Voters swarming county office

Political Notebook

The Curry County clerk’s office is busy these days.
County Clerk Mario Trujillo said last week 320 people have voted early at his office for the June 1 primary. Also, his office has mailed out 159 absentee ballots.
Those figures, he says, are higher than other primaries.
“Well I do know that it has been busy in here,” he said. “There’s been a real steady flow of voters. It’s been busier than it ever has been before for a primary.”
Trujillo said he shuffled some things around in his office to deal with the more than 300 voters who have come in since the first week of May.
On Saturday, a voting site opened in North Plains Mall, in the Clovis Police Department substation.
Trujillo said he hoped the site in the mall would make things easier on his office.
“We are outgrowing our space here,” he said.
It’s not difficult to figure out why a lot of people are voting — the 9th Judicial District Attorney’s race between incumbent Brett Carter and challenger Matt Chandler is attracting a lot of attention.
“I’m sure the DA race has increased the momentum quite a bit,” Trujillo said. “But that’s not the only reason. Early voting has been around for a while and people have caught on to it. But the DA race does have a little to do with why more are voting earlier.”

Kernan, Palmer speak out
Rep. Gay Kernan, R-Hobbs, and her Republican opponent for Senate District 42, Lovington’s William Palmer, are hitting the airwaves in what’s becoming one of the more interesting and hotly contested seats in the state.
Two weeks ago, both candidates appeared on KENW, an area television program, and discussed their issues.
Palmer had an interview on radio stations KINF in Roswell and KZOR in Hobbs last week.
Kernan was interviewed on Roswell radio stations KBIN radio and KNIX recently.
Palmer said supporters on both sides are creating a sticky situation for both candidates.
“I don’t think there’s anything between myself and Gay,” he said. “Our supporters are going off the deep end though.”
The race heated up recently after Palmer received an endorsement from the Right to Life organization.
“I think them endorsing me surprised Gay somewhat,” he said.
Kernan said she’s also pro-life.
“I want to make sure that my position is very clear,” she said. “I don’t support federal funds for abortion and don’t support cloning. The only area I don’t agree with Right to Life is with terminally ill patients. I believe in the philosophy of the Hospice organization. The Right to Life organization believes that you should never hold food or water from a patient and I disagree with that. That is the only issue I disagree with it.”
Palmer will be in Clovis during the next two weeks knocking on doors, he said.
Kernan said she spent time during the last few weeks in Portales, Clovis and Texico.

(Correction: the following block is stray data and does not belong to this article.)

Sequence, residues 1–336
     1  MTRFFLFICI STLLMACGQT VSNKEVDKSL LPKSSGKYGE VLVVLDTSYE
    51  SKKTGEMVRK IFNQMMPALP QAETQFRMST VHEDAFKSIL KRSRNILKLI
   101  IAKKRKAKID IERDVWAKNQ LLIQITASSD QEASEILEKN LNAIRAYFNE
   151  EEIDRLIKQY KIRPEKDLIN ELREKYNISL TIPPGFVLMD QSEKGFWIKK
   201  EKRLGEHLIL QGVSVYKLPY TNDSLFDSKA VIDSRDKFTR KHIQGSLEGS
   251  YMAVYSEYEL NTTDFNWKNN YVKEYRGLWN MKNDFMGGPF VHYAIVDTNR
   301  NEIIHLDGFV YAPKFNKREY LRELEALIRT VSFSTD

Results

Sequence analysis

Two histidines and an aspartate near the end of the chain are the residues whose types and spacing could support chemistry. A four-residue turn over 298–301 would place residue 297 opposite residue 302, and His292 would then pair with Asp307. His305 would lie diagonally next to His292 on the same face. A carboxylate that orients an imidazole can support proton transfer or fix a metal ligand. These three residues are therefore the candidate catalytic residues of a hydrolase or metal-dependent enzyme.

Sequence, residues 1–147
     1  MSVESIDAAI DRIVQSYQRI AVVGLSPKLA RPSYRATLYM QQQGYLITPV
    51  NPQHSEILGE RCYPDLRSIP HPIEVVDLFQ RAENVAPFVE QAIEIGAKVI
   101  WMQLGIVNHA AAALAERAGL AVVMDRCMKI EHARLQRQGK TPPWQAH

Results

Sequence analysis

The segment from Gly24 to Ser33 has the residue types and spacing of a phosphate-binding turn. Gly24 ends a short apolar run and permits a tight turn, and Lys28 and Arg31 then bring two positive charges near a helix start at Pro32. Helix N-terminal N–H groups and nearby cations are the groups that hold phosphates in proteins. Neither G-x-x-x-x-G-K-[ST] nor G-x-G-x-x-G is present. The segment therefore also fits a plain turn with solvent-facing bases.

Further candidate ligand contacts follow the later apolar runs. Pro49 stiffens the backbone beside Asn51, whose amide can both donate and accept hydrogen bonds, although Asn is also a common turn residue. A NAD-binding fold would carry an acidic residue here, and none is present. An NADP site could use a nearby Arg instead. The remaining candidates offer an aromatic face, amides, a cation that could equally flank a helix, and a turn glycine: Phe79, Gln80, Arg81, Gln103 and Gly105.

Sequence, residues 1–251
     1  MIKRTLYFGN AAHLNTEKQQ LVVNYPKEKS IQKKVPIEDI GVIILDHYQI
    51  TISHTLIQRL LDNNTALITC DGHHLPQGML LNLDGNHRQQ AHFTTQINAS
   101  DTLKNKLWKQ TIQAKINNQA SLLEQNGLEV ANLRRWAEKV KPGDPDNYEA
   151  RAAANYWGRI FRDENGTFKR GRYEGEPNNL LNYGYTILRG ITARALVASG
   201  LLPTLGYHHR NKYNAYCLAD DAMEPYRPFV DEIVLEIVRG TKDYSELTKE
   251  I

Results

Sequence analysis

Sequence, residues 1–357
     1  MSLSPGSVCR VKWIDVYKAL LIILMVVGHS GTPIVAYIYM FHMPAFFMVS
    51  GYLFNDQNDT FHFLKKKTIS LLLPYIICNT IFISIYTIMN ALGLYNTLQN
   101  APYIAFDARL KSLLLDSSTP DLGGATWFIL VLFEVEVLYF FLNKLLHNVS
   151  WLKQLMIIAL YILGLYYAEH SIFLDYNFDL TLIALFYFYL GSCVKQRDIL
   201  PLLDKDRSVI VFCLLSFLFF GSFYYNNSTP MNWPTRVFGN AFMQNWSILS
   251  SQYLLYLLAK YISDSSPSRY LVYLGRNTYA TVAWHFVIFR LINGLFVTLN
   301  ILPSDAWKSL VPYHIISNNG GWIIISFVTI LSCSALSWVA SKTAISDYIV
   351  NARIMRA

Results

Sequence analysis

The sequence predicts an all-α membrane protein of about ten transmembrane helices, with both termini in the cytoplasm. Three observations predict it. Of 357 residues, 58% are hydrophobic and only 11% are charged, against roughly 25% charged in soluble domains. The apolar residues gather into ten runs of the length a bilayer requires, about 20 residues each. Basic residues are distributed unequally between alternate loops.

Rep. Ruiz will be missed
Last week, the New Mexico Legislature lost one of its favorite people. Rep. Ray Ruiz lost his battle with cancer.
Rep. Brian Moore, R-Clayton, whose district expands into many areas of eastern New Mexico, said Ruiz will be missed by many.
“Ray was one of my favorites,” he said. “He was in the Legislature for a half year before I got there. His wife and my wife were friends. I didn’t agree politically with him on a lot of things, but I thought he had a lot of integrity. You got straight answers from him. It’s just a devastating loss.”
Harriet Ruiz has expressed interest in being named to take over her late husband’s seat. Ruiz was an Albuquerque lawmaker.
“That would be kind of neat,” Moore said. “She would do a great job. It’s kind of surprising.”

GOP chair wants audit
The newly elected chairman of the state Republican Party says he wants an audit of the party.
Allen Weh, the New Mexico GOP party chief wants to straighten out some questions about spending within the party.
Moore said the audit is a good idea.
“I think everyone always needs to know what’s going on,” he said. “I think they are doing what anyone would do. They want to know what’s going on and where the party is at.”
While the GOP party faces an uphill battle, in needing to overcome controversy of in-house bickering, Moore believes that Weh was the right choice.
“People are real excited about him,” Moore said.

In the money
According to, a Web site that looks at how much people in cities across the country give to political parties, Republicans give a lot more money to federal campaigns than Democrats in Clovis.
The Web site says in the last federal election — 2002 — total individual federal campaign contributions in the city of Clovis hit more than $137,000.
Of those who gave, 83 percent were Republicans and 17 percent were Democrats.

Dates to remember
• May 29: In-person and absentee voting ends.
• June 1: Primary Election Day.

Elections online
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